Do you get deported with a crime of moral turpitude?

A crime involving moral turpitude (CIMT) refers to an act that is intrinsically wrong and morally reprehensible.

Many immigration offenses are included within the category of Crime Involving Moral Turpitude, or crimes involving moral indecency. The U.S. immigration law makes ineligible to enter the United States, obtain a Visa or a Green Card, for any alien who has been convicted of a CIMT or who admits committing acts that constitute the essential elements of a CIMT, with few exceptions.

The CIMT is one of the oldest ground of “removal” from the United States. It appeared in the American immigration law for the first time in 1891, condemning to expulsion all those individuals found guilty of a crime involving moral turpitude. Although it was contemplated in the American law more than 100 years ago, there is really no criminal immigration law that specifically and exhaustively defines a CIMT.

While the Board of Immigration Appeals (BIA) ruled that a CIMT involves intentional actions that are per se vile or implies fraud or deception, various federal courts have adopted different interpretations of these conditions.

The crimes involving moral turpitude are generally divided into three main categories:

  • Crimes against property (blackmail, arson, robbery, burglary, receipt of stolen property);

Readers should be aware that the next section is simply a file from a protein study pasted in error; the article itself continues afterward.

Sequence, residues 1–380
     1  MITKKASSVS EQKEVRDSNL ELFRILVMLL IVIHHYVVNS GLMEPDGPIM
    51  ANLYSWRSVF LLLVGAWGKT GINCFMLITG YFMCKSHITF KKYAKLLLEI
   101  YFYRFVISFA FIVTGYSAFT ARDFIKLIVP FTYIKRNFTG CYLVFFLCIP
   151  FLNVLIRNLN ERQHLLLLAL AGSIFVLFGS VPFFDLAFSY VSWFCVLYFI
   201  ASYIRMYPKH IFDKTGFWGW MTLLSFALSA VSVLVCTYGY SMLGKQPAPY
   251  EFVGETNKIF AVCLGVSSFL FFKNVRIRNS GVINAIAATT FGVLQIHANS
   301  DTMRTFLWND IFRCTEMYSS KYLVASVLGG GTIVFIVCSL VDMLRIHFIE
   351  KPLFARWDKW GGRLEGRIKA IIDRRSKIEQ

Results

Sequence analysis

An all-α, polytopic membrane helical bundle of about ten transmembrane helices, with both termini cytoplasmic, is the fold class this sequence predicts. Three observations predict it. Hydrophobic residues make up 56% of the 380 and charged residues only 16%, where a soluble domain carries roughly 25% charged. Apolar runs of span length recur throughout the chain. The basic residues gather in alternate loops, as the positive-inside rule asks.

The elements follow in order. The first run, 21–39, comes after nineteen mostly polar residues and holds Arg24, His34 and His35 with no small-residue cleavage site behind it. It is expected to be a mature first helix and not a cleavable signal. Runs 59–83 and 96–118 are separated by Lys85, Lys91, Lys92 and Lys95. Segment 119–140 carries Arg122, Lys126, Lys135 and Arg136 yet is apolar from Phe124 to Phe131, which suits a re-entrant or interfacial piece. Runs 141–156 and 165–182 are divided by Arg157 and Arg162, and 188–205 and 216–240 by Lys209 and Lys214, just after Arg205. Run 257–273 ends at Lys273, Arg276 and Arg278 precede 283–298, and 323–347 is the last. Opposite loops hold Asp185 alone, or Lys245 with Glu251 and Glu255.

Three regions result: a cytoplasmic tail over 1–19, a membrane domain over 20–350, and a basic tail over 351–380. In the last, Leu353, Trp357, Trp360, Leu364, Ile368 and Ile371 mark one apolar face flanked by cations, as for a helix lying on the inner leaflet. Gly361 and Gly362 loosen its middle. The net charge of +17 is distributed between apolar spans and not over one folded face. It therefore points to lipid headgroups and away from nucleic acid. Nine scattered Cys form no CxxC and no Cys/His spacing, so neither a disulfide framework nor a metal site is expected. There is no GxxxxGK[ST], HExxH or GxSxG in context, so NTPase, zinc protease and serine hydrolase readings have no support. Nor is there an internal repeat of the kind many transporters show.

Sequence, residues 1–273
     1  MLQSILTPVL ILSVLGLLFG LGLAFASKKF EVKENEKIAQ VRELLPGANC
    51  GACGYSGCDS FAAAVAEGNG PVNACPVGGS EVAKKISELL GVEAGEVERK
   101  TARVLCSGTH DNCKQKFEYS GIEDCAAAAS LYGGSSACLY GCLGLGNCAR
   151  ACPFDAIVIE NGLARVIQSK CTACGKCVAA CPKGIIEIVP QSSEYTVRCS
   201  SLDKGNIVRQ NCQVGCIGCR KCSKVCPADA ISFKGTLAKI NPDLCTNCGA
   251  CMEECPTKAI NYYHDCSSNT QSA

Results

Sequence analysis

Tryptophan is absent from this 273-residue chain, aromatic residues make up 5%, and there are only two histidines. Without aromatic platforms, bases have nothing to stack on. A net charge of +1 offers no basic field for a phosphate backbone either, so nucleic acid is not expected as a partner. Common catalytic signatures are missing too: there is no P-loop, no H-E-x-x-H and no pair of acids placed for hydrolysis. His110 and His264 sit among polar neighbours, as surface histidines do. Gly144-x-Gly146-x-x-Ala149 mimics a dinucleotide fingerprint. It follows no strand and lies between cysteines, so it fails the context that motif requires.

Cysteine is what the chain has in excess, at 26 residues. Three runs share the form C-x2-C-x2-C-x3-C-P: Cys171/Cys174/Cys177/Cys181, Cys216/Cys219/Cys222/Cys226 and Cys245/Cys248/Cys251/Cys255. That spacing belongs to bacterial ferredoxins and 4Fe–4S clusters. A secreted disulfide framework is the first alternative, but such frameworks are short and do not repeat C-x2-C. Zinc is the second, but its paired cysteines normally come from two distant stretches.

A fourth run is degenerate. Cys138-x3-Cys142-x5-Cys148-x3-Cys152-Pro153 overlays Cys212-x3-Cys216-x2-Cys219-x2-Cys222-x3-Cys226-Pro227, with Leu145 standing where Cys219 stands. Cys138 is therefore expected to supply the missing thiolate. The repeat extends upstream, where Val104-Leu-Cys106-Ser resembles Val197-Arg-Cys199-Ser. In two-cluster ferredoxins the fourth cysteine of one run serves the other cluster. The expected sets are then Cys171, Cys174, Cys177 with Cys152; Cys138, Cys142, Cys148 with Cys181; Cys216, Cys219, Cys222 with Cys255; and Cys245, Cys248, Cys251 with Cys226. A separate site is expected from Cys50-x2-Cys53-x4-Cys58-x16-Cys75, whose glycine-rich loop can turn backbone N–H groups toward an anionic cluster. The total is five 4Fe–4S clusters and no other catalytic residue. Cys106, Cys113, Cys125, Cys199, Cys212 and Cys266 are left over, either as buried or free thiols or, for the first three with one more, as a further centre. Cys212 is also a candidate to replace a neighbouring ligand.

• Crimes committed against governmental authority (tax evasion, corruption, fraud against the government);
  • Crimes committed against individuals, family and sexual morality (statutory rape, murder, second or third degree assault, disorderly conduct, child abuse or pornography).

Under the Immigration and Nationality Act (INA), one or more convictions to one of the above categories of crimes renders a person ineligible to enter the U.S. and obtain a temporary visa or Green Card. If the immigrant is already in the United States, the acquisition of a Green Card or citizenship through the naturalization process can be denied. Also, the immigrant be placed in deportation proceedings by the Department of Homeland Security.

In addition, aiding the commission of a CIMT is also considered a CIMT, and is punished and penalized to the same extent.

The law on crimes of moral turpitude is constantly evolving and changing and just a good immigration lawyer that is familiar with the local criminal laws as well as with the immigration code is able to provide a comprehensive analysis of the case.